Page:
So back at the 2017 Ottawa International Animation Festival, the National Film Board of Canada showed up with a documentary showcasing Evelyn Lambart, the "First Woman of Canadian Animation" (produced by Donald McWilliams). Often overlooked due to her close working relationship with filmmaking powerhouse Norman McLaren, Evelyn Lambart was a gifted animator in her own right and McWilliams' documentary showcases this seriously neglected facet of Canadian Animation history.
Well the other day, as fate would have it, I received an e-mail from the NFB (I'm on their mailing list) stating that they've finally released said documentary on their website. So I'm very pleased to be able to share it with you.
Eleven Moving Moments with Evelyn Lambart, Donald McWilliams, provided by the National Film Board of Canada
Additionally, on the NFB's website, they've written a blog post titled "The Life and Times of Evelyn Lambart" that serves as a good overview of her life and career and introduction to the documentary. I encourage everyone interested in animation history to read the article and then watch Eleven Moving Moments. However, if you'd like to skip the blog post and jump right to the documentary, it can be viewed on this blog post via the embedded video, or on the NFB's website at the following link: Eleven Moving Moments with Evelyn Lambart.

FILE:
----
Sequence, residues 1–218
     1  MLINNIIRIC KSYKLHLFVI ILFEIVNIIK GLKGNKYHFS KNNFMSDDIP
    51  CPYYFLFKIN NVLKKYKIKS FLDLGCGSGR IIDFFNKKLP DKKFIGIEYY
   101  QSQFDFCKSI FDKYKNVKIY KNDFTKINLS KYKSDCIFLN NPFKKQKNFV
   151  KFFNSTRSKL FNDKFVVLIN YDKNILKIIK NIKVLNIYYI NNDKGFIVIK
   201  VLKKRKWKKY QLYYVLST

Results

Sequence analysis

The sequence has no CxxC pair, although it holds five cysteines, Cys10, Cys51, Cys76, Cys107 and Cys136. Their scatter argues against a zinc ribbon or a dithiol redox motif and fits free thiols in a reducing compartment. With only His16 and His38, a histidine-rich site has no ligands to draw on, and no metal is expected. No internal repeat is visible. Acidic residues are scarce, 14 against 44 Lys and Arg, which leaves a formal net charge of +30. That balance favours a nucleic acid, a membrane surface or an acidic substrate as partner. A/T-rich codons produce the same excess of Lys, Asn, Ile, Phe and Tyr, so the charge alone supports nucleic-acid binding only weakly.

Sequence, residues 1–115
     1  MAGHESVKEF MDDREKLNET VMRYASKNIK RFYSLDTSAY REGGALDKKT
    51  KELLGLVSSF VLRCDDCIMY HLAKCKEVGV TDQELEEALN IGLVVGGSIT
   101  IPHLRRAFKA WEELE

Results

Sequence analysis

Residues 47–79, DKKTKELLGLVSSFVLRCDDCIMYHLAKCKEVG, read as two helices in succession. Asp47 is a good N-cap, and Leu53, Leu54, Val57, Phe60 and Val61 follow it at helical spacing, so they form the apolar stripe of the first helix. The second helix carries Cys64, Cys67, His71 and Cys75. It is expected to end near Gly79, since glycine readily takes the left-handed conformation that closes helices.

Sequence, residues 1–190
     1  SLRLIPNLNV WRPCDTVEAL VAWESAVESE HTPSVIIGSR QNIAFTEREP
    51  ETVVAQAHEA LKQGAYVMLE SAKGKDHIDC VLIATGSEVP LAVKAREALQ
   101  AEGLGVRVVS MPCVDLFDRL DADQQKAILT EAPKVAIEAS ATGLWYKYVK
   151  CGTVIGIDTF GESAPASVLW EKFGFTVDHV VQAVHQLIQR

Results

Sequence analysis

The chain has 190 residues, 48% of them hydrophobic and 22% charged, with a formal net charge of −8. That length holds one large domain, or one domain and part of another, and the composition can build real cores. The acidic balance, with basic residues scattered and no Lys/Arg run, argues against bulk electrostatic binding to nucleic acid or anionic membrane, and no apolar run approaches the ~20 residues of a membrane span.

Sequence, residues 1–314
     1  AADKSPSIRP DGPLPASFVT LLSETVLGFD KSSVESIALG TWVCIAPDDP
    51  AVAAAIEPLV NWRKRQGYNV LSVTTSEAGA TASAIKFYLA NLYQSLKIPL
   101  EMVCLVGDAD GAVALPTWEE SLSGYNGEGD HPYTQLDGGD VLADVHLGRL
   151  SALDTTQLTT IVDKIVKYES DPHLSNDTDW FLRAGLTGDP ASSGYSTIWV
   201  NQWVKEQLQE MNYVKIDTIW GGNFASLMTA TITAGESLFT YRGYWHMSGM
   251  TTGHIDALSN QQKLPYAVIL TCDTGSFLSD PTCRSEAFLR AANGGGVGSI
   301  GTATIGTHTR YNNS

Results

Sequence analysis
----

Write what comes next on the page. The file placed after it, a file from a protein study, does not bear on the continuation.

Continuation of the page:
And if you have the time, I also recommend reading Carolyne Weldon's article on Evelyn: "Watch 6 Stunning Shorts by the First Lady of Canadian Animation". In Carolyne's article, you can watch several of Evelyn's films in their entirety including The Lion and the Mouse, The Hoarder, Fine Feathers, and The Town Mouse and the Country Mouse--which is reportedly the last film that she produced for the NFB.
Evelyn Lambart died on April 3, 1999 leaving behind a filmography that includes some classics of cinema that were produced with Norman McLaren as well as an amazing body of animated films of her own creation. Many decades later, "the First Woman of Canadian Animation" is finally starting to get the long overdue recognition that she rightfully deserves.